Don't Worry! AI Won't Be Reading Your Mind Anytime Soon, Experts Say

Brain activity is just so complicated

  • Japanese researchers claim to be able to decipher images from the brain using AI.
  • Experts say that technology is a long way from reading thoughts.
  • AI neural interfaces are raising privacy concerns. 
Close up on the top of someone's head that has brain monitoring sensors attached to the scalp.

Nicola Tree / Getty Images

Researchers may have found a way to read images from your mind using artificial intelligence (AI). Even though the concept is far from reality, the idea raises privacy concerns. 

A neuroscientist from Japan claims to have discovered a new way that AI can decode brain activity into readable format. The team used machine learning to analyze the brain scans of subjects, showing up to 10,000 images inside an MRI machine.

"Neural interface technology is enabling recordings from a higher channel count than ever before so that we can 'see' brain activity in high resolution," George McConnell, a professor in the Department of Biomedical Engineering at Stevens Institute of Technology, who was not involved in the research, told Lifewire in an email interview. "In the case of 1000s of electrode recording sites in the brain, recording action potentials, or 'spikes,' each recording site samples extracellular voltages at more than 20,000 times per second. AI is suited for these kinds of huge datasets and has the potential to scan and classify neural activity patterns, i.e., 'thoughts,' that human eyes might miss."

Can AI Read Your Thoughts?

Using AI to decipher thoughts on brain scans has become relatively common. However, the new study from Japan is the first time an AI algorithm, called Stable Diffusion, has been used to elicit images from the brain. The researchers added training to the Stable Diffusion system, adding text descriptions of thousands of photos. 

"Reconstructing visual experiences from human brain activity offers a unique way to understand how the brain represents the world and to interpret the connection between computer vision models and our visual system," the authors wrote in their paper.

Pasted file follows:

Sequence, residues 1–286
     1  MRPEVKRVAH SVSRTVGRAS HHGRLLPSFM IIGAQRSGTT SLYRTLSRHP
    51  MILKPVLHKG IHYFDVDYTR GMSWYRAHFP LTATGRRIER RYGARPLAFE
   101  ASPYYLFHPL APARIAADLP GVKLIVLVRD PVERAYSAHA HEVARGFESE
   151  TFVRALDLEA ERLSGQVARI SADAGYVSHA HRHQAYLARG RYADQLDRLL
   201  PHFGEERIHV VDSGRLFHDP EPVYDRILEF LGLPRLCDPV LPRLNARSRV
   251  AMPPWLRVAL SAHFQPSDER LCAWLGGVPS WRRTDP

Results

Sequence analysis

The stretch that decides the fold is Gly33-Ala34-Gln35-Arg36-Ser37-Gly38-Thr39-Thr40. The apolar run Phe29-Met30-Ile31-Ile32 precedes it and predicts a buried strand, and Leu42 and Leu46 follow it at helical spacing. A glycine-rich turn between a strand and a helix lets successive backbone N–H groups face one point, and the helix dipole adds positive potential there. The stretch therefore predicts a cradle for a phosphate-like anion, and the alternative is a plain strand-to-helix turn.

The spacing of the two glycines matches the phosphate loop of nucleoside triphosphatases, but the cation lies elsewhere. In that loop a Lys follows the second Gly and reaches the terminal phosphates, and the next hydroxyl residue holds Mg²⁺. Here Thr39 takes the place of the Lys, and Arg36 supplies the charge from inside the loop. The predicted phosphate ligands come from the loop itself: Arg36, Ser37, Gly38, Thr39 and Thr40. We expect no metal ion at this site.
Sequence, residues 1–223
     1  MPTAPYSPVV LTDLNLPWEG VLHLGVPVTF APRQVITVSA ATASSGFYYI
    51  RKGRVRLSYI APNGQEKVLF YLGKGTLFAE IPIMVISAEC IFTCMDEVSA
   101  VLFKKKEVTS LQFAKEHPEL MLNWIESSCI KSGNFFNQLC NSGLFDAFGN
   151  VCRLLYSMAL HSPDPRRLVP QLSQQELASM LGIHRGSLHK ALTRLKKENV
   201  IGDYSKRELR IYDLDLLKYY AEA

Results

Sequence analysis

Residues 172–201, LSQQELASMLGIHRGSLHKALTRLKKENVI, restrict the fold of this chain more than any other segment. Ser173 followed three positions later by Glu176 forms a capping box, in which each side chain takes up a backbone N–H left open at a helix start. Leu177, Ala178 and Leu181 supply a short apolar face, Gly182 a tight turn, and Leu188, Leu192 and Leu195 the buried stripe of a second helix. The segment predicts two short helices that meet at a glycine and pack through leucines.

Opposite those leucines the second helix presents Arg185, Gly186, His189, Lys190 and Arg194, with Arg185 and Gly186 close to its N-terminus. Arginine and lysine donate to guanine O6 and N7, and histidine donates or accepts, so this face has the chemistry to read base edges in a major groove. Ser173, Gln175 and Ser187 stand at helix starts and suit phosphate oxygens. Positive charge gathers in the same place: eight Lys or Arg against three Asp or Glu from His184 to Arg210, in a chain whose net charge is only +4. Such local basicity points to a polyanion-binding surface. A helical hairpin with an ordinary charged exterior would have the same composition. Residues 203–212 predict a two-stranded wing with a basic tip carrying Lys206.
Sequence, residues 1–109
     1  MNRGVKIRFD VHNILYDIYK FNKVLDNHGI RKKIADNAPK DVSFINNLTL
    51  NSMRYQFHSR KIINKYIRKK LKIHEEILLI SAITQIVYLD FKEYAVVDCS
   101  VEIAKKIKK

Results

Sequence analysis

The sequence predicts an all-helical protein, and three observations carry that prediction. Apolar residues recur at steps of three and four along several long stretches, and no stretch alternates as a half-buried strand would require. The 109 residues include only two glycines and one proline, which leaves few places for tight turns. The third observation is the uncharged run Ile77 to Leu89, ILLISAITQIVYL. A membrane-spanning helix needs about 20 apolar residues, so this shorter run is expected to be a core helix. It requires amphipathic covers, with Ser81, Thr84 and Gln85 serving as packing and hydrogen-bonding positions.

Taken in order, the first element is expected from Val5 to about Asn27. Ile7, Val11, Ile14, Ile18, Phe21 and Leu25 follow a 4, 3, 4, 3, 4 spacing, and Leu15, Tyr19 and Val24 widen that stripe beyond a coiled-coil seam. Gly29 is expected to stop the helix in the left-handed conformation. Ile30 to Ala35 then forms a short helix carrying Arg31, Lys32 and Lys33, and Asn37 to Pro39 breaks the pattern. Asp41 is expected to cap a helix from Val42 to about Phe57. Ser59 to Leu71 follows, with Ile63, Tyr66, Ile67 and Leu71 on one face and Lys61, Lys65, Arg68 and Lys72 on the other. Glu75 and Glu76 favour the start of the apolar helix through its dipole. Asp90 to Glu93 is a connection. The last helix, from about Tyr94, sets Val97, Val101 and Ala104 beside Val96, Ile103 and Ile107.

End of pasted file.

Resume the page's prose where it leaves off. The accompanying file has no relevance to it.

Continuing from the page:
A man wearing brain scan leads on his head while using a smartphone.

Per Grunditz / EyeEm / Getty Images

Despite the study's promising results, experts say that computers are a long way from being able to read thoughts. Irina Raicu, director of internet ethics here at the Markkula Center for Applied Ethics, said via email that there are experiments in neuroscience that use AI tools in various ways, like the one described in this study. Still, researchers have gone to great lengths to push back against mind-reading claims. 

"All of us need to be careful so we don't contribute to the sea of misinformation swirling around AI developments, which makes our responses to the actual technology less effective," Raicu added. 

The study from Japan isn't breaking entirely new ground. Researchers in brain-machine interfaces (BMIs) have already demonstrated the feasibility of decoding' thoughts' from brain signals and using them to control things like a computer cursor, wheelchair, and a robotic arm, McConnell said. 

"It may be that miniaturization of the neural electrodes can minimize the immune response to allow for robust, long-term recordings, but this remains to be seen," he added. 

There might be good reasons to have AI reading your thoughts, Selmer Bringsjord, the director of the AI & Reasoning Lab and professor of cognitive science and computer science at Rensselaer Polytechnic Institute, said via email. He said that most people have experienced "Eureka!" moments when suddenly they figure something out, even if they haven't been actively pondering the problem in question just before the epiphany.  

A conceptual image of brain activity depicted by a colorful brain overlaid with biometric reading trails.

Pasieka / Getty Images

"This tells us why, within 'guardrails,' we want AI reading our thoughts:  The artificial agents in question can, outside our own conscious thinking, be working to crack problems on our behalf, and then if they succeed, 'pop up' to us with the solution," Bringsjord added. "We don't want thought-reading AI to trample our mental lives, but in the manner that parallels our own unconscious problem-solving labor, they can help immeasurably."

AI Privacy Concerns

The privacy implications of AI poking into your thoughts, even if it's just deciphering images, are enormous. 

"I'm not sure I'd like to have any artificial agent get access to my mental life across the board; let's just say occasionally that life is not perfectly fit for public consumption, and whatever the AI gets hold of... well, no matter what we are closer to such consumption," Bringsjord said. "But if I can engage, disengage, surgically direct... the efforts of mind-reading AI under my employ, with verified protection, the prospect seems palatable."

Raicu said that when AI is trained on datasets including personal data, one concern is that the data might be included in specific AI-generated outputs and lead to unintended disclosures of information. 

"As everywhere in the digital realm, there is also the broader issue of a lack of consent: people whose data is used to train AI were not anticipating such a use and never consented to it," Raicu added. 

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